the work came here and subsequently left.
of Radar Sites
went on in in Purbeck.
From May 1940 to May 1942 Worth Matravers was the nerve centre for
radar development in the UK. Top radar scientists tried out new ideas
for better radar systems: with longer range, and for navigation in aircraft.
When we think of radarátoday, we think of a rotating aerial and a display
which looks like a map - this was first built at Worth.
Serious radar development began at Orfordness on the Suffolk coast
in March 1935, moving in 1936 to Bawdsey nearby. For more about the
beginnings of radar in the UK see the radar
story page. As soon as war broke out, theáscientists were evacuated
from Bawdsey to Dundee, and then moved again to Worth Matravers in May
Chain Home masts: A-site at Worth Matravers
Worth was chosen because it had a flat cliff top site, good for testing
radar, and was then further away from German occupied territory.
Almost nothing is left today except some foundations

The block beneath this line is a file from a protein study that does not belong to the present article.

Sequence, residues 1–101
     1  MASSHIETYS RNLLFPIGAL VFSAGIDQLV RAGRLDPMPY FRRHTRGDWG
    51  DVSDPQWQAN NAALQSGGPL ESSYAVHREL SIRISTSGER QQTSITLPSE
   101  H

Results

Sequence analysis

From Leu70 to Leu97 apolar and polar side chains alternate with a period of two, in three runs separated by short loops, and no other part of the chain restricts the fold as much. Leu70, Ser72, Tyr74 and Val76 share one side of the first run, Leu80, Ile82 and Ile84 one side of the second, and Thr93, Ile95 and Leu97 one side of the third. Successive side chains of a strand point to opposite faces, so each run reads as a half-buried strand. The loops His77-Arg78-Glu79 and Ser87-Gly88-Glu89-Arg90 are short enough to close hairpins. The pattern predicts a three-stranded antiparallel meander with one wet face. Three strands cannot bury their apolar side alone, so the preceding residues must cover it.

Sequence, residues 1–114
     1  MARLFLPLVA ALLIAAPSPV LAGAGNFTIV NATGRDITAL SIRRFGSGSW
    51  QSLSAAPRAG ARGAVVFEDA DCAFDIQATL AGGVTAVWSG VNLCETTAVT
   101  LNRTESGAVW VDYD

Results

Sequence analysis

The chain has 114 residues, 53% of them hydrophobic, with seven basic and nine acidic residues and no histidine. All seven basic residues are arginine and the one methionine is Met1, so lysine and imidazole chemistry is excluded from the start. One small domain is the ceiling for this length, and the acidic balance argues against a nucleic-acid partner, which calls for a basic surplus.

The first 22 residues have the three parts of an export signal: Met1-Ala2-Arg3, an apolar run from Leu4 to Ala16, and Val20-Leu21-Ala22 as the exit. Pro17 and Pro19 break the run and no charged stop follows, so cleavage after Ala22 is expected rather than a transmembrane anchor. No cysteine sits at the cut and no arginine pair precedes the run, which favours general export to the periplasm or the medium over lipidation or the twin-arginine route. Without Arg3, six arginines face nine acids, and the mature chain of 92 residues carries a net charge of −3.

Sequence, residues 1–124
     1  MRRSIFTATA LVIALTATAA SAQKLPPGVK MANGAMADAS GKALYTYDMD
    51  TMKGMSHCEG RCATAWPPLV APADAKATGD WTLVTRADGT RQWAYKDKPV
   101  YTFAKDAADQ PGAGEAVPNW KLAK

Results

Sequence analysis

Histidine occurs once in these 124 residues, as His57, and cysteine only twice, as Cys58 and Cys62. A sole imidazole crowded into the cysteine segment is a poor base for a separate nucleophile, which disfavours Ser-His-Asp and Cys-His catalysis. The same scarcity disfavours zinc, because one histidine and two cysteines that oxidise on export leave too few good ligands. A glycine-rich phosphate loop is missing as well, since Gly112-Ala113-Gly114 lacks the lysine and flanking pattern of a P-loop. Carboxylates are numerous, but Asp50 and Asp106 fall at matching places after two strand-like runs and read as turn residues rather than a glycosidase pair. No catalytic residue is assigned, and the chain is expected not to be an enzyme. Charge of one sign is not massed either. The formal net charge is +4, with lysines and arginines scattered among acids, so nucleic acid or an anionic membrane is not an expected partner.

on the cliff and a small hut used as a field studies centre.
The Germans had also built radar defences, and in February 1942 British
paratroops raided one of their radars at Bruneval on the French coast.
They brought back key pieces of the radar to work out how good it was.
After this, Churchill thought thatáthe Germans might raid Worth, and
ordered all radar research to move inland. The scientists hastily moved
to Malvern in May 1942. About 200 people came to Worth in May 1940;
by May 1942 about 2000 people worked here!
The RAF continued to operate radars at Worth until well after the war,
and the 360 foot (110 metre) tower was only taken down in the early
In the early 1990s the Purbeck Radar
Museum Trust was formed to raise public awareness of the radar work
that went on here, its importance
in World War II and subsequently. Members of the Trust have
organised various exhibitions and
events and in 2001 a radar memorial
was unveiled as St Aldhelm's Head. An historic
radar exhibition was also opened at the Worth Matravers CafÚ
& Craft Centre in July 2006 - subsequently moving to the Swanage
Museum & Heritage Centre.